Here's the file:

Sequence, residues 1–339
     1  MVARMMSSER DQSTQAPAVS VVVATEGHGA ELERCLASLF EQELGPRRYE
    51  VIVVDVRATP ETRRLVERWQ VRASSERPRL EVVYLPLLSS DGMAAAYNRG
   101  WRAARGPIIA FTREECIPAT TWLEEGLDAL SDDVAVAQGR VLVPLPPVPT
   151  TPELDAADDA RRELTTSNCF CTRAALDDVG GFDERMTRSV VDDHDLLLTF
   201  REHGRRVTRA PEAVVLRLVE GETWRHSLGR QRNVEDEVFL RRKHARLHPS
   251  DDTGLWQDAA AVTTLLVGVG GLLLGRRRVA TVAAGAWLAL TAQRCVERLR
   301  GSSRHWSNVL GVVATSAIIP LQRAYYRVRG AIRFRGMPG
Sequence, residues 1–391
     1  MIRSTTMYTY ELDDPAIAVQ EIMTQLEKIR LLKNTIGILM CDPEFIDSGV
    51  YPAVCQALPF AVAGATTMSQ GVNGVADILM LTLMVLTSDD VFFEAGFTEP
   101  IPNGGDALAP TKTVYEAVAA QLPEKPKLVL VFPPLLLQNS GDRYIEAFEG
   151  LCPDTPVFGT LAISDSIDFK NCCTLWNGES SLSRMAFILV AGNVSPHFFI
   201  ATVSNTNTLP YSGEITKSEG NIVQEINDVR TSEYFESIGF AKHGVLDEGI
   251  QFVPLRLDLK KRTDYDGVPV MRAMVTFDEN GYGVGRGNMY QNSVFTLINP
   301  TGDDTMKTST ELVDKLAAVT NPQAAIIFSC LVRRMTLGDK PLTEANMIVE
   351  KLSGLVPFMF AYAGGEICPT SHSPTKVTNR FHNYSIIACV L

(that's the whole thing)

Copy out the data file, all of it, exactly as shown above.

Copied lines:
Sequence, residues 1–339
     1  MVARMMSSER DQSTQAPAVS VVVATEGHGA ELERCLASLF EQELGPRRYE
    51  VIVVDVRATP ETRRLVERWQ VRASSERPRL EVVYLPLLSS DGMAAAYNRG
   101  WRAARGPIIA FTREECIPAT TWLEEGLDAL SDDVAVAQGR VLVPLPPVPT
   151  TPELDAADDA RRELTTSNCF CTRAALDDVG GFDERMTRSV VDDHDLLLTF
   201  REHGRRVTRA PEAVVLRLVE GETWRHSLGR QRNVEDEVFL RRKHARLHPS
   251  DDTGLWQDAA AVTTLLVGVG GLLLGRRRVA TVAAGAWLAL TAQRCVERLR
   301  GSSRHWSNVL GVVATSAIIP LQRAYYRVRG AIRFRGMPG
Sequence, residues 1–391
     1  MIRSTTMYTY ELDDPAIAVQ EIMTQLEKIR LLKNTIGILM CDPEFIDSGV
    51  YPAVCQALPF AVAGATTMSQ GVNGVADILM LTLMVLTSDD VFFEAGFTEP
   101  IPNGGDALAP TKTVYEAVAA QLPEKPKLVL VFPPLLLQNS GDRYIEAFEG
   151  LCPDTPVFGT LAISDSIDFK NCCTLWNGES SLSRMAFILV AGNVSPHFFI
   201  ATVSNTNTLP YSGEITKSEG NIVQEINDVR TSEYFESIGF AKHGVLDEGI
   251  QFVPLRLDLK KRTDYDGVPV MRAMVTFDEN GYGVGRGNMY QNSVFTLINP
   301  TGDDTMKTST ELVDKLAAVT NPQAAIIFSC LVRRMTLGDK PLTEANMIVE
   351  KLSGLVPFMF AYAGGEICPT SHSPTKVTNR FHNYSIIACV L